Nutritionists have welcomed moves by McDonald's and Burger King to add more healthful fare to their fast-food menus, but many are questioning whether the change will put much of a dent into the North American obesity epidemic.
McDonald's has seen U.S. sales turn around in recent months -- thanks, in part, to new entree-size salads. It has also begun dispensing fitness advice, testing an adult Happy Meal that includes a pedometer for counting footsteps and a fitness program from television personality Oprah Winfrey's trainer.
Last week the Taco Bell chain became the latest to offer healthier choices. Most of its regular menu items now come with a "fresco style" option that lets customers substitute salsa for cheese and sauce. Earlier this month Burger King launched a line of low-fat, fire-grilled, baguette-style chicken sandwiches. And competitor Wendy's International Inc. in some markets is offering milk as an alternative to soda in kids' meals, following the example set by McDonald's.
While health experts applaud these efforts in the face of rising obesity rates and increasingly sedentary lifestyles, they are quick to note the response may be a reaction to threats of litigation, concerns expressed by public health officials and, most importantly, changing consumer trends.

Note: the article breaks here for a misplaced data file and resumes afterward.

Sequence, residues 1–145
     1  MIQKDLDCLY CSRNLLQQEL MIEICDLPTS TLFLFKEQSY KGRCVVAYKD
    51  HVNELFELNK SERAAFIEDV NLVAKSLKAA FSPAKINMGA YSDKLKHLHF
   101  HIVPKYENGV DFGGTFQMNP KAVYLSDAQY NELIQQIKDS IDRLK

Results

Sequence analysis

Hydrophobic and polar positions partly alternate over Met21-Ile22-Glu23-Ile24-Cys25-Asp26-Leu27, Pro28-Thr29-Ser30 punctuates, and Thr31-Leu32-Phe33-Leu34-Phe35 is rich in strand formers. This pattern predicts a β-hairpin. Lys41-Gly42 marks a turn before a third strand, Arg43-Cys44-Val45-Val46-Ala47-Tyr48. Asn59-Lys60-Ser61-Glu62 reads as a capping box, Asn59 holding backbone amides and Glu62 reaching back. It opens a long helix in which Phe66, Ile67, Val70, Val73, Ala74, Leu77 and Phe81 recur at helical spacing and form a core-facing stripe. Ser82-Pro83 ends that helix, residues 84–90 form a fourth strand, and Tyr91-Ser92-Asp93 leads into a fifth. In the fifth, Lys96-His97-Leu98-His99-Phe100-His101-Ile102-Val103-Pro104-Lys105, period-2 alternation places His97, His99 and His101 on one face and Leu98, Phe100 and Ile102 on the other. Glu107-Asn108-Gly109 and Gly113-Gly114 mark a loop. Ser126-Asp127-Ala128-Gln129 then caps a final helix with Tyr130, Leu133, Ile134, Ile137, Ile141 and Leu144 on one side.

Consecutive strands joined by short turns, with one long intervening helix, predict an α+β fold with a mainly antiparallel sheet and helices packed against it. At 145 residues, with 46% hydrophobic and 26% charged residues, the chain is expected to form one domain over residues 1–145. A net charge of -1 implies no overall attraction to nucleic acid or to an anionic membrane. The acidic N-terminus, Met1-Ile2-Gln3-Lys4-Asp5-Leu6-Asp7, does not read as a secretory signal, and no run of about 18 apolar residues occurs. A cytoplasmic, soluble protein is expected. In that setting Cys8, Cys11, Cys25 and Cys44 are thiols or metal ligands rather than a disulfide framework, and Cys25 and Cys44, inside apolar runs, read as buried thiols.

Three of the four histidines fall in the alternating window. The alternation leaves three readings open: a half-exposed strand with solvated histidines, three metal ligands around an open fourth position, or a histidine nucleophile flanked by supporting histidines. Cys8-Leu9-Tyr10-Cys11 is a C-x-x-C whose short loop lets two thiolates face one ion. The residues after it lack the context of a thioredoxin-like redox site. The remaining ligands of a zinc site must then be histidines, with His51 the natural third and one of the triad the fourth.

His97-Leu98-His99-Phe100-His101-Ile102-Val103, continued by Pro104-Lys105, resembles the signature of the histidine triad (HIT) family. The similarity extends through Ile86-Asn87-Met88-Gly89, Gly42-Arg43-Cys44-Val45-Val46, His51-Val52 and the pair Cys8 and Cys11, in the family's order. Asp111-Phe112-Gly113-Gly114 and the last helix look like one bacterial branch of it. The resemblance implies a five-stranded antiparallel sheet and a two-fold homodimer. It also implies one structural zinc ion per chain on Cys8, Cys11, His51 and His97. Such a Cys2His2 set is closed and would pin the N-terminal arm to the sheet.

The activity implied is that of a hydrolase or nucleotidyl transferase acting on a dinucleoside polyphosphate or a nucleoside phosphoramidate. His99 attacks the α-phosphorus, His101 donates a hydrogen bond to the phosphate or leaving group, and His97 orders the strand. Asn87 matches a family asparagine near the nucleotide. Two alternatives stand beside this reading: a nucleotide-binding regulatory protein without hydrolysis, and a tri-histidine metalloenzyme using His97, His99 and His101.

Should demand shift, all those new salads could go the way of the McLean Deluxe, McDonald's failed attempt a decade ago at a low-fat burger, the experts said.
Perhaps more important than the kinds of meals being sold is full disclosure of what is in them. For example, while a salad topped with grilled chicken may be a better choice than a burger for the health-conscious, the high-calorie dressings people pour over them can negate the benefit, a fact not taken in by some consumers.
The industry is making an effort to provide details of nutritional content on packaging, in-store pamphlets and on Web sites. But it has held out on changing its menu boards, where health advocates are pushing to have calorie and fat facts listed for the millions of people who eat fast food daily.
And while salad consumption has increased, fast-food's core offerings of burgers and fries are holding steady and remain the top two most frequently ordered items in out-of-home dining by men as well as women -- above chicken sandwiches, pizza, or seafood.
Critics say burger makers are having it both ways -- still producing fatty foods while clearing a niche for healthier products to help them compete in a tight market. And while nutritionists concede that the recent menu developments are a positive step, they remain skeptical whether those trends will translate to slimmer waistlines.
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